Whether they’re in search of tricks or treats, ghouls and goblins who visit your home this Halloween could scare up a home insurance claim. Here’s how to make sure there’s hardly a ghost of a chance of your insurance being jeopardized.
Clumsy little goblins
When kids are running from door to door in masks and ill-fitting costumes and carrying pillow cases of candy, they’re bound to stumble. If a trick-or-treater takes a tumble on your property, your homeowner’s insurance will cover the medical bills, as long as you weren’t negligent, according to insurance consultant Dan Weedin.
So a kid who tripped and fell because he couldn’t see through his mask wouldn’t qualify as negligence on your part. However, if a kid falls because of your elaborate decorations, your insurance might not cover the claim and you could be sued.
To avoid this scenario, make sure the area around the entry to your home – including the sidewalks – is free of obstacles.
Regardless of negligence, a Halloween-related home insurance claim still could trigger a hike in your home insurance premium, according to Julie Sartori, a private insurance account manager at Assurance.
“You won’t know how much it affects rates until renewal,” Sartori says, “because rate increases depend on many factors, including the severity of the claim and amount paid out.”
Tipsy party ghouls
If you’re hosting a monster mash, beware of how much booze your guests guzzle. Weedin says that if one of your Halloween party guests gets blitzed and then crashes his car, your home insurance could be canceled.
“You have a responsibility as a party host to not allow someone to drive away from your party intoxicated,” Weedin says.
This is known as social host liability. If you let a drunk driver leave your home, you’re in the hot seat for serving too much alcohol to him and could be responsible for any damage and injuries. Furthermore, your home insurer might drop your policy or dramatically raise your rates if it’s forced to pay whopping medical or repair bills, or if it’s got to defend you in a lawsuit.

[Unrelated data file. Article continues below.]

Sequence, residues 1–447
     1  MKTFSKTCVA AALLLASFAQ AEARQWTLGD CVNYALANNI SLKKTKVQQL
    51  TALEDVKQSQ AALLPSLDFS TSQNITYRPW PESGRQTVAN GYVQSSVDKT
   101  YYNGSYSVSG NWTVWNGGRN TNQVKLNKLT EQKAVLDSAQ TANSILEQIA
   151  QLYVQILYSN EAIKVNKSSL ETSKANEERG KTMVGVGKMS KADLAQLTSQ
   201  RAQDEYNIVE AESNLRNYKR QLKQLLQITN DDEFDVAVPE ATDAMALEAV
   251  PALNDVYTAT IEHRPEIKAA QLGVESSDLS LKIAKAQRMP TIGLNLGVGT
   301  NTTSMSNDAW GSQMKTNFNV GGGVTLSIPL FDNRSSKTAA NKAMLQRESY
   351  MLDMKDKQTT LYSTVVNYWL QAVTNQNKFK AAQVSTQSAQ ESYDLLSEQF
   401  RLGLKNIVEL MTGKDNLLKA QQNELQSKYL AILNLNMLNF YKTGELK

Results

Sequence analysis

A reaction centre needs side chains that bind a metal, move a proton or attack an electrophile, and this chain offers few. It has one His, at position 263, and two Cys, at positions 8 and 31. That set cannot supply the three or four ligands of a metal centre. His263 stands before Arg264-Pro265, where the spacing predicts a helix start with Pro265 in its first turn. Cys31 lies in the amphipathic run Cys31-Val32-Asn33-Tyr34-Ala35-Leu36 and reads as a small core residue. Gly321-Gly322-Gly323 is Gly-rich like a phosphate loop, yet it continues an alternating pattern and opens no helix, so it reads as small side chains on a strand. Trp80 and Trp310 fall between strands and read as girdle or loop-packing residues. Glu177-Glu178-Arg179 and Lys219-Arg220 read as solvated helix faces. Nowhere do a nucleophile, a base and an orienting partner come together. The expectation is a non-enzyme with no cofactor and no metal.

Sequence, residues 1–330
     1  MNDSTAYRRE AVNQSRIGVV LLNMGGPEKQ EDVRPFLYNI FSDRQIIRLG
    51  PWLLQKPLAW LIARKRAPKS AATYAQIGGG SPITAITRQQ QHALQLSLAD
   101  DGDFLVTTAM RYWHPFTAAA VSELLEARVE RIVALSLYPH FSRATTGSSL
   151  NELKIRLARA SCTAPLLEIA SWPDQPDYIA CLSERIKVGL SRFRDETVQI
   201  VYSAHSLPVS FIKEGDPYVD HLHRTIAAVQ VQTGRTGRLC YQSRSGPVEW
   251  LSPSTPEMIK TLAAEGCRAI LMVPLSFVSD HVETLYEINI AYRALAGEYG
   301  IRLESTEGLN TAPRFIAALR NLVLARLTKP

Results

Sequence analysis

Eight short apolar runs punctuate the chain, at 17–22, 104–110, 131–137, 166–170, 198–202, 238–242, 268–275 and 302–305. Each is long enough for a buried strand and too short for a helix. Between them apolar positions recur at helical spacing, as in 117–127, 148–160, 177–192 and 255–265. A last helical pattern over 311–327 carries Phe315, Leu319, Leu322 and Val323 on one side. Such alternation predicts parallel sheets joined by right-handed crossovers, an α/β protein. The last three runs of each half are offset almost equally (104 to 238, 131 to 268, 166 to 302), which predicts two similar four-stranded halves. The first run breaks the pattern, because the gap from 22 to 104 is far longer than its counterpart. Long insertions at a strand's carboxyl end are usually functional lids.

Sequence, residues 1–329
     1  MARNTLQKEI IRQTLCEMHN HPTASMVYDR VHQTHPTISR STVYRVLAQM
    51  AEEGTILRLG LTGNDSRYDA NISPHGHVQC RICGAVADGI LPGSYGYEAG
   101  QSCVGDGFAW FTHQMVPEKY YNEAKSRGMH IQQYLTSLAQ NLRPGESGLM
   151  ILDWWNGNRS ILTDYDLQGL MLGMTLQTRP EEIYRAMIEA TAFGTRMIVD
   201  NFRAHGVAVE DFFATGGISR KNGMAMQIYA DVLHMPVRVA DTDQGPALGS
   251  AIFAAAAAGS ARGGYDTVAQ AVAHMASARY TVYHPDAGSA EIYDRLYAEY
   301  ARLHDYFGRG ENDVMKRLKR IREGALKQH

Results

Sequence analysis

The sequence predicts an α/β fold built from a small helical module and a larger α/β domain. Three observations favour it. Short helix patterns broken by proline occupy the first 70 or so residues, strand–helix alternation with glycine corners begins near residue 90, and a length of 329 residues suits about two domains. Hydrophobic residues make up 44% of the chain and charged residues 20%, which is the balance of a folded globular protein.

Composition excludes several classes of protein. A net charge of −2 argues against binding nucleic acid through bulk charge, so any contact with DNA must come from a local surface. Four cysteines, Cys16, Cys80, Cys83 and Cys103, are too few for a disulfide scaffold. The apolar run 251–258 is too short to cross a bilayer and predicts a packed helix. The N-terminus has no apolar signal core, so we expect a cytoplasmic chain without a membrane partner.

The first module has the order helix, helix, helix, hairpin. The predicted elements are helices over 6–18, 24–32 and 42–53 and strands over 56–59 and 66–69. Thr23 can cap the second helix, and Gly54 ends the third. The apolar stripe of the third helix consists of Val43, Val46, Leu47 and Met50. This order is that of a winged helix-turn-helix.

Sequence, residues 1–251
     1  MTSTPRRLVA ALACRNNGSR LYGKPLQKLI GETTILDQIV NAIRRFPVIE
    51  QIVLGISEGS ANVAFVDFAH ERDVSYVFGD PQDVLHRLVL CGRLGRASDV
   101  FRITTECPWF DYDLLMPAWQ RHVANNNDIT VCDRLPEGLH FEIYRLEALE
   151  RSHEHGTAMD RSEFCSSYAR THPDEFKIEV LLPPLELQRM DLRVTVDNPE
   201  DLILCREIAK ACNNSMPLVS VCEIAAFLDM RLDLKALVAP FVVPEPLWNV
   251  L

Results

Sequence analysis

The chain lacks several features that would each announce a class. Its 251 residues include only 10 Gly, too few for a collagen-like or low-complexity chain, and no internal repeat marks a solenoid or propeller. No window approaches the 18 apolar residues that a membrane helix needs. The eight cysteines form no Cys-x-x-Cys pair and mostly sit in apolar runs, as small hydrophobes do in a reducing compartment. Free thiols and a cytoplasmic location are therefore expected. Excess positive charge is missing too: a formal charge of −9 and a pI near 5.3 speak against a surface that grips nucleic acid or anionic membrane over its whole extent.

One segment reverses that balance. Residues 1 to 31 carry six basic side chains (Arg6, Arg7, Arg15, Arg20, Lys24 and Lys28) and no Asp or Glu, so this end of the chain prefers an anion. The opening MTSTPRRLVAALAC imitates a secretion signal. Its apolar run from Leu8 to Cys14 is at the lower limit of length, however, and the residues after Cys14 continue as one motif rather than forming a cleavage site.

“Just like a bar is liable, a homeowner who overserves a guest and lets them leave their home is responsible for the damages and injuries if an accident occurs,” Sartori says.
Hosting a haunted house
Want to set up a neighborhood haunted house in your yard or garage? Make sure you take precautions to avoid a costly homeowner’s insurance claim.
“Ensure walkways are clear and free of trip hazards like wires, throw rugs and pumpkins,” Weedin says. “A haunted house that was not properly set up leaves room for someone getting hurt, or is not properly supervised can absolutely lead to higher home insurance rates.”
How to prevent a scary claim
One insurance option for Halloween revelers is a one-time special event policy. This type of policy can be purchased to cover you in the event someone is injured or property is damaged at your Halloween festivities. The coverage is available for other at-home events, such as weddings and graduation parties.
Companies such as EventHelper sell this type of coverage. At EventHelper, a policy with $1 million worth of liability coverage (including injury and damage) costs roughly $190.